AICN Toys: STAR WARS 12" Hammerhead (hehehe), LORD OF THE RING Lego, KNIGHT RIDER Minimates, BATMAN: ARKHAM CITY Wave 2, And More!!
Published at: Dec. 27, 2011, 6:34 p.m. CST by John Ary
John Ary here with a quick look at a few action figure lines that are making headlines this week...
Black Suit Spider-Man from Hot Toys
Tobey Maguire suits up again as Peter Parker with this 1/6 scale Spider-Man movie figure. It features 30 points of articulation, 5 pairs of interchangeable hands, 5 strips of webbing, a Sandman diorama base, a figure stand and a Sideshow exclusive meteor hammer interchangeable hand for the Sandman. That will run you 209.99 when it releases in the 2nd quarter of 2012. He's available for pre-order here.
Play Arts Kai Red and Blue Mark V Spartans from Square Enix
Halo fans should be excited about these new Play Arts Kai figures featuring the Red and Blue Mark V Spartans. They will of course have a ton of articulation along with two interchangeable pairs of hands, a rifle and pistol. Each of these will release in May for around $60 a piece.
Lord of the Rings from Lego
Lego has landed the license to Lord of the Rings and lucky for us, the pics have already leaked online. It looks like the smaller sets will focus more on events with Gandalf Arrives and Shelob Attacks, while the larger ones are based on locations such as The Battle of Helm’s Deep and The Mines of Moria. We also know that the hobbits will be shorter than the humans. Look for these sets to arrive in the summer.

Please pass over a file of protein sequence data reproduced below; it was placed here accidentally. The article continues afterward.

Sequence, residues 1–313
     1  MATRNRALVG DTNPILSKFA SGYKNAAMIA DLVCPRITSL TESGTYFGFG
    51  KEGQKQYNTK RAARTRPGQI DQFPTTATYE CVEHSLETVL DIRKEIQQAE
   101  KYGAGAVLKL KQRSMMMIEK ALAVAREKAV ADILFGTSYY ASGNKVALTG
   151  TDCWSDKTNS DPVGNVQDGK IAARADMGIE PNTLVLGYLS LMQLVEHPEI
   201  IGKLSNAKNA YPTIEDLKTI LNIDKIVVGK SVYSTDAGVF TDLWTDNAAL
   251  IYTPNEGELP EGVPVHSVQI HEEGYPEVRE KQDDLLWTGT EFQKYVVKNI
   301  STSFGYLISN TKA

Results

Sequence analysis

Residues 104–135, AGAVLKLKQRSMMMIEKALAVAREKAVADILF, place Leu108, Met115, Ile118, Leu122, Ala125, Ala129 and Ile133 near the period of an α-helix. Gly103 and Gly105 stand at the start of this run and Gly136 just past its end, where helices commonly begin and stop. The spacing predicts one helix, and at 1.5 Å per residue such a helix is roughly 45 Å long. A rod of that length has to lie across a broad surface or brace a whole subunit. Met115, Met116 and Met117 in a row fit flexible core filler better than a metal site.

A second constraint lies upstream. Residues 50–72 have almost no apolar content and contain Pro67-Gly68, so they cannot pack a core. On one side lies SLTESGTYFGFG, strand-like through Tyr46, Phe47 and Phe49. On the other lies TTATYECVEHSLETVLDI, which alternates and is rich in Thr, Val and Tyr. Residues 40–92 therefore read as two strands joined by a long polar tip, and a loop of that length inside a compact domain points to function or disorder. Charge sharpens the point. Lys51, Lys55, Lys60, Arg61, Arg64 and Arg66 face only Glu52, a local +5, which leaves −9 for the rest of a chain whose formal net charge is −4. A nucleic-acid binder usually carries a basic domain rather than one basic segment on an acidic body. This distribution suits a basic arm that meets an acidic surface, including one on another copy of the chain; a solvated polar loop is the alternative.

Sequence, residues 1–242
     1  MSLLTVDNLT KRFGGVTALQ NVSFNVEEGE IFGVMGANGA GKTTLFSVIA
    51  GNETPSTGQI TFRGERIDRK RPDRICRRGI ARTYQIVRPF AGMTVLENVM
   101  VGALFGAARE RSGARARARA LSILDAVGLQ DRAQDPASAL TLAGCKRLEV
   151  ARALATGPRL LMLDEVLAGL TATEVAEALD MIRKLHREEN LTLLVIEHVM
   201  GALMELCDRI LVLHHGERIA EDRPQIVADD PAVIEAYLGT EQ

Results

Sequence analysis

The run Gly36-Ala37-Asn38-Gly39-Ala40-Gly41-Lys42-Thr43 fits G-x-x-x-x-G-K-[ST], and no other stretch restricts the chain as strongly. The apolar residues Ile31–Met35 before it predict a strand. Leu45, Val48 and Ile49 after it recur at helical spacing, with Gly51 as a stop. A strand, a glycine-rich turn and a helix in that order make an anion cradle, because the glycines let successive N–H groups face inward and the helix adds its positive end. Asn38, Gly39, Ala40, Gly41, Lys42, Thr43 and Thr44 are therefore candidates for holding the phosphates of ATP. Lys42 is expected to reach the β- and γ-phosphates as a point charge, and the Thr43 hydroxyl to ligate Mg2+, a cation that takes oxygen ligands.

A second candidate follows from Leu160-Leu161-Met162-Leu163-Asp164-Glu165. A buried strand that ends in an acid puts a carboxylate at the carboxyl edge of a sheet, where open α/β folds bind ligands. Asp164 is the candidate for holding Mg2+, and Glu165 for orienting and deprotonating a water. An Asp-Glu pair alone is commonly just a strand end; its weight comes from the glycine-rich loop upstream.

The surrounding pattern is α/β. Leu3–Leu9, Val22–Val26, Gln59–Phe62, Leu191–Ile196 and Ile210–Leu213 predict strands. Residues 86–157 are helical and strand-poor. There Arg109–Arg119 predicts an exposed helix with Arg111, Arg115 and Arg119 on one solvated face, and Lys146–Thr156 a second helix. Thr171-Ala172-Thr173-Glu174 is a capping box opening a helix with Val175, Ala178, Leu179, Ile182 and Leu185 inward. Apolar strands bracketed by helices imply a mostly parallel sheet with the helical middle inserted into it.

Vintage Star Wars 3.75-inch action figures get digitally scanned and then blown up to to the 12-inch scale. That’s what Gentle Giant plans to do with Hammerhead. He’ll come with his classic blaster packaged on a 1977 Star Wars-inspired blister card. This handsome devil will cost you 80 bucks when he releases in the 3rd quarter of 2012. He's available for pre-order here.
Arkham City Wave 2 from DC Direct
Another wave Arkham City figures are on the way. The Riddler, Catwoman, Hush, and Jervis Tetch: The Mad Hatter will release with Batman (Detective Mode Variant) on April 25.
And finally, to celebrate the holidays, we take a closer look at Mezco's "crappiest" figure from its third series of South Park toys...
it's a solid turd with no articulation and spindly limbs. probably can't stand on it's own weight.
and love or hate southpark, any man who displays a plastic turd on his shelf needs to grow the fuck up.
i collect a couple things... rarely.
vintage space toys and mid century furniture and accessories. because i appreciate the style of the 50's and the 'future that never was'.... i carry this love into my own art and design and therefore, my very small collection is inspirational, motivational and actually functional. it is truly a lifestyle. there are people that may even think this is sad or misguided or living in the past...perhaps to a degree.
but people who collect action figures (and i'm sure i'll offend a ton of people here that do) and line shelves with them only to collect dust, need to realize how much money- and life- they are wasting chasing their childhoods and that next toy fix.
i dunno, i don't need to be told to 'keep collecting', like it's healthy or something.
One would think that the perfect time to produce/sell said figure would have been when the movie first came out.
Otherwise where's the post-laden demand for this stuff?
For example if Sideshow Collectibles were to release new Marcus Wright figures from Terminator Salvation in 2015, doesn't that make bassackward sense?